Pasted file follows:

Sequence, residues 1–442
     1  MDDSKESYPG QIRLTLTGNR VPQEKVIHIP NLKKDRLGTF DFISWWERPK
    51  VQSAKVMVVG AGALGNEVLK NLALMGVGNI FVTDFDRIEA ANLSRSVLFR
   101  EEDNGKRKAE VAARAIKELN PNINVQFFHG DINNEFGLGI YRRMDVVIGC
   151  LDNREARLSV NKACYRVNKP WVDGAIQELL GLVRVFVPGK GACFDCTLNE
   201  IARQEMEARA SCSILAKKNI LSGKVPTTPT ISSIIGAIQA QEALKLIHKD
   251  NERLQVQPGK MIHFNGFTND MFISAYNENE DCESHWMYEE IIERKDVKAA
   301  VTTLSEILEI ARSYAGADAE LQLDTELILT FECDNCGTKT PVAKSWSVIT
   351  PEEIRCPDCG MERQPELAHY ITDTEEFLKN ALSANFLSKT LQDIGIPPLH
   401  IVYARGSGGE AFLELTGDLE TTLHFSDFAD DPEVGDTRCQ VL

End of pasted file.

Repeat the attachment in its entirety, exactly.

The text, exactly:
Sequence, residues 1–442
     1  MDDSKESYPG QIRLTLTGNR VPQEKVIHIP NLKKDRLGTF DFISWWERPK
    51  VQSAKVMVVG AGALGNEVLK NLALMGVGNI FVTDFDRIEA ANLSRSVLFR
   101  EEDNGKRKAE VAARAIKELN PNINVQFFHG DINNEFGLGI YRRMDVVIGC
   151  LDNREARLSV NKACYRVNKP WVDGAIQELL GLVRVFVPGK GACFDCTLNE
   201  IARQEMEARA SCSILAKKNI LSGKVPTTPT ISSIIGAIQA QEALKLIHKD
   251  NERLQVQPGK MIHFNGFTND MFISAYNENE DCESHWMYEE IIERKDVKAA
   301  VTTLSEILEI ARSYAGADAE LQLDTELILT FECDNCGTKT PVAKSWSVIT
   351  PEEIRCPDCG MERQPELAHY ITDTEEFLKN ALSANFLSKT LQDIGIPPLH
   401  IVYARGSGGE AFLELTGDLE TTLHFSDFAD DPEVGDTRCQ VL